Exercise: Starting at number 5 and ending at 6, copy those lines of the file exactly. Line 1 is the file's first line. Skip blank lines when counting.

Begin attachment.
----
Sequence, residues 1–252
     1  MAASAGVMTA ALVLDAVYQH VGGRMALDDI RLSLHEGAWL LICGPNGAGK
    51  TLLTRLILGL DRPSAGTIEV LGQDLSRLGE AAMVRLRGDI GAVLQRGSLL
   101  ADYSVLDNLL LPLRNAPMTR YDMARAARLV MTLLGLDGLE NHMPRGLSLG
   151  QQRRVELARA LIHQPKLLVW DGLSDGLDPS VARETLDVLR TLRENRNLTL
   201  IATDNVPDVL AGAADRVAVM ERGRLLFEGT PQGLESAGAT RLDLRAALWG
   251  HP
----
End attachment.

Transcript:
   151  QQRRVELARA LIHQPKLLVW DGLSDGLDPS VARETLDVLR TLRENRNLTL
   201  IATDNVPDVL AGAADRVAVM ERGRLLFEGT PQGLESAGAT RLDLRAALWG